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Coronavirus: BA 'no longer plans to fire and rehire staff'

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Tom Belger
·Finance and policy reporter
·3-min read
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British Airways CEO Alex Cruz speaks during a news conference in Tel Aviv, Israel November 9, 2017. REUTERS/Nir Elias
British Airways CEO Alex Cruz. Photo: Nir Elias/Reuters

British Airways’ chief executive Alex Cruz has said staff will not be forced to sign new contracts under a draft deal agreed with unions.

Conservative MP Huw Merriman, chair of parliament’s transport select committee, said what had been dubbed a ‘fire-and-rehire’ plan now “seems to be off the table.”

Cruz gave evidence before the committee on Wednesday, updating MPs on long-running negotiations with unions and on BA’s passenger numbers and forecasts.

BA, owned by IAG (IAG.L), sparked a national outcry when it announced up to 12,000 job cuts in the early stages of the pandemic. Unions warned remaining staff also risked losing their jobs if they did not accept new contracts.

Cruz told MPs that “agreements in principle” had been reached with non-pilot unions, with a deal already reached at the end of July with pilots’ union Balpa. But the deals have not yet been approved by union members, and their implications for staff terms and conditions are not yet clear.

READ MORE: UK chancellor says ‘job done’ on furlough despite rising unemployment

“Some of those areas have already balloted and accepted those agreements; some are in the process of balloting,” he said.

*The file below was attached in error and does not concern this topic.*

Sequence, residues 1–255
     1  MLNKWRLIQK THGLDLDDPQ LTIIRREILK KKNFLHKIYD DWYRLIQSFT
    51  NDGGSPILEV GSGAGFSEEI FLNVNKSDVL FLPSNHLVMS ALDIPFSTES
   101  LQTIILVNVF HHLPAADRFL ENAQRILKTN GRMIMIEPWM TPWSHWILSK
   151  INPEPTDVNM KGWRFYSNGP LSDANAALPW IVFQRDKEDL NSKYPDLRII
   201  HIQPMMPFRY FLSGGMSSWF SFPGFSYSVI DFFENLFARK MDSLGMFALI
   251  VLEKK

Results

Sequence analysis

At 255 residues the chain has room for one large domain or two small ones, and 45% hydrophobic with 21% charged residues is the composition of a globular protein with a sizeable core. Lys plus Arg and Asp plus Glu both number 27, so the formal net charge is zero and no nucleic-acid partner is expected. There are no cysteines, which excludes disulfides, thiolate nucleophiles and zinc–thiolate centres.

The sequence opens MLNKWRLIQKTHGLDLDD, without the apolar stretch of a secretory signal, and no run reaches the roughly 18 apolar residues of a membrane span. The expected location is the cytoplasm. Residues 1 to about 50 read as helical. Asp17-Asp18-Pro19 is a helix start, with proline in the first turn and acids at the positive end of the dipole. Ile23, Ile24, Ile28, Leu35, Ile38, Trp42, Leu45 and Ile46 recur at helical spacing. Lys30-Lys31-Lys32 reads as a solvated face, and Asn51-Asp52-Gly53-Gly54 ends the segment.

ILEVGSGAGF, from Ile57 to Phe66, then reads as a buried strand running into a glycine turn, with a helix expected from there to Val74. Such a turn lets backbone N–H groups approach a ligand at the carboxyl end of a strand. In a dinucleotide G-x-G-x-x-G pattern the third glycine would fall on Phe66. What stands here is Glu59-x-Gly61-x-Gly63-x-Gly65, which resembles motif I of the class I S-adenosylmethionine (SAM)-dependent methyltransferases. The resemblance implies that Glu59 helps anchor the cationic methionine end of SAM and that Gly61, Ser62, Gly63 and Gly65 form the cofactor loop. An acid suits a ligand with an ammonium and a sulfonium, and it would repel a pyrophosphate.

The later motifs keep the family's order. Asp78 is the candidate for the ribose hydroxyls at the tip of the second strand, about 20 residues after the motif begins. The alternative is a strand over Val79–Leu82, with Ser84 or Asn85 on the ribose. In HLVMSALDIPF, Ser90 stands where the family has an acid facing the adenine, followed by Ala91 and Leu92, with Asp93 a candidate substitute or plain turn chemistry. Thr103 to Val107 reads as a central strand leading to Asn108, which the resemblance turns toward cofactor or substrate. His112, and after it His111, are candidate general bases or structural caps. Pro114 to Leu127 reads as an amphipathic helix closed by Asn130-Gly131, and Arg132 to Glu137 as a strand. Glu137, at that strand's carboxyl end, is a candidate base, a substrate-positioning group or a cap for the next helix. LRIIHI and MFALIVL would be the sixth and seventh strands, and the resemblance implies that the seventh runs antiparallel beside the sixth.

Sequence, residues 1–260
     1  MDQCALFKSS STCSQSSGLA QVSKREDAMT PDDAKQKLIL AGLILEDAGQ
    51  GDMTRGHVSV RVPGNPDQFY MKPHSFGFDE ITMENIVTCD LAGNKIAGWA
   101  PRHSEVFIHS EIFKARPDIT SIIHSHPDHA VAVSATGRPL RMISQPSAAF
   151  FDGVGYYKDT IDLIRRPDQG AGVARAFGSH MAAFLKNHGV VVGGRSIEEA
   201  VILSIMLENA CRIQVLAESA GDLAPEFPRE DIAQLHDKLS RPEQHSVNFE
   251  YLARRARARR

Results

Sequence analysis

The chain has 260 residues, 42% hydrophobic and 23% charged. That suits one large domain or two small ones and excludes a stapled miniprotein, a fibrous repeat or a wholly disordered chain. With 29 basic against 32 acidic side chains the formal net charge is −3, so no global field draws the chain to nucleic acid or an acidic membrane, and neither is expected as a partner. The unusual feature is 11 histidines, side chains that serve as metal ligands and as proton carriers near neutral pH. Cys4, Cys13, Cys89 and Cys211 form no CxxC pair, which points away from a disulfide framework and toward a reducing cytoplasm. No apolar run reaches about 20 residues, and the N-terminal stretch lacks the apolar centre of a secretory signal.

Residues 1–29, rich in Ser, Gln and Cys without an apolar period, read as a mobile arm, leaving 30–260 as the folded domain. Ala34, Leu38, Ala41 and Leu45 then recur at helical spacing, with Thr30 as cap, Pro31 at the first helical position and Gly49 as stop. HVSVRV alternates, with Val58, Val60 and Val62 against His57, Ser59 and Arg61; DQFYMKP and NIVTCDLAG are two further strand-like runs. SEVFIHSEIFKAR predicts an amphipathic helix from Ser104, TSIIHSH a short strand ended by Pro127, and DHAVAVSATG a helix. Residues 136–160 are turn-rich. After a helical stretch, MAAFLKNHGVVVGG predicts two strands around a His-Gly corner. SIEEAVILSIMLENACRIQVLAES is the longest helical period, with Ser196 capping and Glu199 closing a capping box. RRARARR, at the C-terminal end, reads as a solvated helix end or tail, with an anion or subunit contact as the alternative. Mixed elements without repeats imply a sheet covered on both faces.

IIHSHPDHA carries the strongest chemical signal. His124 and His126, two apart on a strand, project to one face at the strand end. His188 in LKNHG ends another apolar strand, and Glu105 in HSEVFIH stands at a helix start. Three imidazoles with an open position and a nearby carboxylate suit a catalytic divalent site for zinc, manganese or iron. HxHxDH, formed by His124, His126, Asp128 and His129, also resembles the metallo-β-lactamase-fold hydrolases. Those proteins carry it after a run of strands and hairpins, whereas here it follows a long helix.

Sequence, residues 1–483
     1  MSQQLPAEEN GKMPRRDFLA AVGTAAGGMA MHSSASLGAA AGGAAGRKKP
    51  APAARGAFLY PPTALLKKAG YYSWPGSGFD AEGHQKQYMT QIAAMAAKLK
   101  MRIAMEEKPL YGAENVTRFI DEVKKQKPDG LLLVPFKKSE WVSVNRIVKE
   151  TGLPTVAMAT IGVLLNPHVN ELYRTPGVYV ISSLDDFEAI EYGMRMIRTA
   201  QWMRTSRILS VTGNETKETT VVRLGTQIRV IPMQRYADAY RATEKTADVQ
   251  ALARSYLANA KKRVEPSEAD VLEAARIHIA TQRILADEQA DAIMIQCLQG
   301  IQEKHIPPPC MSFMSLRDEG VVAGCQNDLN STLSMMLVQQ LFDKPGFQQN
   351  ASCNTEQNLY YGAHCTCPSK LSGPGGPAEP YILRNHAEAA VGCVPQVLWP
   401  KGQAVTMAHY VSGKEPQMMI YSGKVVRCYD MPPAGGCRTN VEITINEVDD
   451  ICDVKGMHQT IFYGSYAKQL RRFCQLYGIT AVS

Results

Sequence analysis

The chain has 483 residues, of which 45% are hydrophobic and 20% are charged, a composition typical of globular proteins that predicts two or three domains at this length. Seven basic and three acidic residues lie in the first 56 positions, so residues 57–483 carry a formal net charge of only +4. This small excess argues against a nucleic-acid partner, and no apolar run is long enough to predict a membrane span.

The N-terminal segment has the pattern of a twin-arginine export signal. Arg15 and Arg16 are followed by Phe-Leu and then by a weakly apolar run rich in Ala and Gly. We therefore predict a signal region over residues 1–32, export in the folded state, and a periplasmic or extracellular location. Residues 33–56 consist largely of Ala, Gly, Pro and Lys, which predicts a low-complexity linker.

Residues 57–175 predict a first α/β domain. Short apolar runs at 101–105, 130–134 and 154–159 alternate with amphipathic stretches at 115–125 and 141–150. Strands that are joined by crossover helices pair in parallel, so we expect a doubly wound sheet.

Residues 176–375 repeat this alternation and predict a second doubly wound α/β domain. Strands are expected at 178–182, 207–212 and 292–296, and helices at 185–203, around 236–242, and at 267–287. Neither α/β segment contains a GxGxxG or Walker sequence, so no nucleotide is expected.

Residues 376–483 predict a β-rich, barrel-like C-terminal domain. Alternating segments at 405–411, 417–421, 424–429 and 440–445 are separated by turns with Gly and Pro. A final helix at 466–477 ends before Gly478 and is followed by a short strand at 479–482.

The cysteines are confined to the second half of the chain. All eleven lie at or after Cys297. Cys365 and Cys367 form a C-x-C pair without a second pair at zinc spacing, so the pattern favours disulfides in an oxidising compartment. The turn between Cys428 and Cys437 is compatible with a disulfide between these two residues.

“We hope the results of those ballots will be to accept these agreements. That will end this process and ring certainty.”

There would be “no need to issue new contracts” if the deals were approved, with BA instead using a “standard union agreement” to amend existing contracts.

He said he hope the process would “finish” at the end of this week, with Wednesday marking the 140th day of BA’s consultation with unions. BA’s intention had always been to secure an agreement, he added.

Cruz also spelled out the scale of the crisis facing the company, calling it an “impossible situation” and the “worst crisis British Airways has ever gone through” in its century-long history.

The airline flew 187,000 passengers in and out of the UK last week, down from just under a million in the same week a year ago, according to Cruz. Only 25-30% of its flight schedule is running.

It lost £711m ($917m) in the second quarter of the year, compared with a £309m hit in the first quarter of 2009 during the global financial crisis, he added.

The CEO defended BA’s “deep restructuring” in the face of widespread criticism of mass job losses, including among furloughed staff. “The relationship is very clear. Fewer passengers means fewer flights, and fewer flights means fewer people required to actually service them.”

He said he “had to act” fast by cutting staff numbers earlier this year, but said he understood MPs’ concerns and “deeply” regretted the loss of so many staff.

But the Unite union’s assistant general secretary Howard Beckett said last week reports that BA negotiations with unions had concluded were “unhelpful and misleading.”

“Unite remains in negotiations with British Airways in a number of different bargaining units. Even in areas where draft agreements exist, these are still subject to approval from members through a ballot.”